The return of WWII veterans of the “Greatest Generation” to former battlefields is always dressed with a lot of emotions and memories. For many US units, the war ended in the Eastern part of Germany, prior to the encounter with Red Army units at the Elbe River.
From Friday, April 16th until Sunday, April 18th, the “Liberty Convoy” drove through the Plauen and Vogtland region, where once the 87th “Golden Acorn” Infantry Division fought within the ranks of General Patton’s 3rd Army.
During the three day tour, around 40 WWII old-timers gathered near Plauen and followed the path of the 87th Infantry Division. With them, five veterans as well as relatives joined.
Gene Garrisson, Jesse Bowman, Eldon Gracy, Tom Burgess and Tom Stafford belonged to the “Golden Acorn” that was active in the region during the last days of WWII.
Crossing the heartland of Thuringia mid-April 1945, their division fought on towards the border of Czechoslovakia.
For the many crowds that gathered over the three day event, the encounter with the veterans was overwhelming. Many older people still vividly remembered the GI’s of the 87th and the valiant actions that they performed.
The “Liberty Convoy” stopped at various historical places, such as Mehltheuer, where during WWII a factory, that housed almost 350 mostly Jewish women as forced laborers, was used as a sub camp for the infamous Flossenbürg concentration camp. There a short but emotional ceremony took place.
Over the next days, it was especially Tom Stafford who became the center of attention during the many ceremonies in various locations. Tom, in 1945 a squad leader in a rifle company remembers: “We reckoned that there would be much more stiff resistance. We got told that Hitler would use youngsters and a secret weapon against us.”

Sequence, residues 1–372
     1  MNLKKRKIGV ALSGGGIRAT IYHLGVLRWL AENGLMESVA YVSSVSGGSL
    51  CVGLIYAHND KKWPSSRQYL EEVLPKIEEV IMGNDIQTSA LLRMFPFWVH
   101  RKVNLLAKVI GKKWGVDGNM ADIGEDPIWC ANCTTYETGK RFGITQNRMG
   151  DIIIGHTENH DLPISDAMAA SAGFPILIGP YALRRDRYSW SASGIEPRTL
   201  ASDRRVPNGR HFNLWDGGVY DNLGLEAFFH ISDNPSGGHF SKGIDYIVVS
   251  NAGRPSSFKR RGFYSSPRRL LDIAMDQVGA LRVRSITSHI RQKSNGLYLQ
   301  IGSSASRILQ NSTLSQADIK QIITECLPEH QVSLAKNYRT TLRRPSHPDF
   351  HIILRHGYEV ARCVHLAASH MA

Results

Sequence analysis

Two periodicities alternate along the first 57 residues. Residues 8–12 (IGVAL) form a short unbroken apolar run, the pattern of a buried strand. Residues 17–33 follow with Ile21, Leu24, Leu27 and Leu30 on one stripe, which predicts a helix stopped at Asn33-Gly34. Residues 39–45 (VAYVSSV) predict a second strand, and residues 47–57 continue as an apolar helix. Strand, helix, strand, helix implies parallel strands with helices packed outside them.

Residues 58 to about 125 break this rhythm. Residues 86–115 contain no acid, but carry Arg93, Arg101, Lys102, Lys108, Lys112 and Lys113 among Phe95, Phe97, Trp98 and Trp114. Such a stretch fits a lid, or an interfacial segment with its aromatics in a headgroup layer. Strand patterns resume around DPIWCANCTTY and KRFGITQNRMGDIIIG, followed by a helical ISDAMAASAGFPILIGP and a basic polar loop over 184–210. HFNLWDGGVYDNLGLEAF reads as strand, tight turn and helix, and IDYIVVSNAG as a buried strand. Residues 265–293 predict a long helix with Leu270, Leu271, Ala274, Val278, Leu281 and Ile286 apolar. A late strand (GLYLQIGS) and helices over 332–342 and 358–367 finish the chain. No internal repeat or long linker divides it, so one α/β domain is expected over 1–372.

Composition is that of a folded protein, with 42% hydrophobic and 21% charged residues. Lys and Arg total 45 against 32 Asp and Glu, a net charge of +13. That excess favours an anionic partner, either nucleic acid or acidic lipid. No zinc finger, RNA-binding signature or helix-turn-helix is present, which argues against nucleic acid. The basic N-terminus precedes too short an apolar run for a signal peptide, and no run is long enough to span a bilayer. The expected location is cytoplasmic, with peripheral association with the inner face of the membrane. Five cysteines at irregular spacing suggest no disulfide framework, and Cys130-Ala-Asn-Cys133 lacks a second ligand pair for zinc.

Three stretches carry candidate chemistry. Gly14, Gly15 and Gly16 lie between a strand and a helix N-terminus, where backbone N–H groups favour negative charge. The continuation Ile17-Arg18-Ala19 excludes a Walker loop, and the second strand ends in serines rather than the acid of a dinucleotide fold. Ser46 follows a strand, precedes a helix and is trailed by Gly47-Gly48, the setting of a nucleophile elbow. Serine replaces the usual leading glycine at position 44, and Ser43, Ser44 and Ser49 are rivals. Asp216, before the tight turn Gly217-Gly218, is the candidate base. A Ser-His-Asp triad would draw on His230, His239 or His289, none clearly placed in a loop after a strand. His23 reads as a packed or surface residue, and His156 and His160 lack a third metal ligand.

In Plauen, a plaque was unveiled, remembering the actions that Tom Stafford took, thus saving the Elster Bridge from destruction. All veterans received a special painting called: “Brücken verbinden – Bridges connect”. Also present was General Consul Katherine Brucker, who joined the veterans and enjoyed the tour, while driving along in one of the WWII old-timers.
In Carlsfeld, deep within the forest of the Vogtland Region, a massive crowd awaited the arrival of the “Liberty Convoy” and the veterans. During the last days of the war, Tom would become a true hero, saving thousands of American and German lives. He single-handed conducted the surrender of 40,000 German soldiers, promising them that they would not go into Russian captivity. The Wehrmacht commanding general then accepted Tom’s proposal, despite his young age and lower rank. Tom had outsmarted them by stating that he was a captain, as NCO’s and officers didn’t wear their ranks visibly in fear of German snipers. Thus he saved not only many lives on both sides, but also preserved Carlsfeld from bitter fighting that might have occurred.
The last part of the “Liberty Convoy” then moved on towards Kraslice in the Czech Republic, where once again the veterans and the participants of the convoy were welcomed by the mayor of the town.
The “Liberty Convoy”, organized by Andreas Bräuer and Rolf Ballhause achieved its goals with diligence: “remembrance and reconciliation”.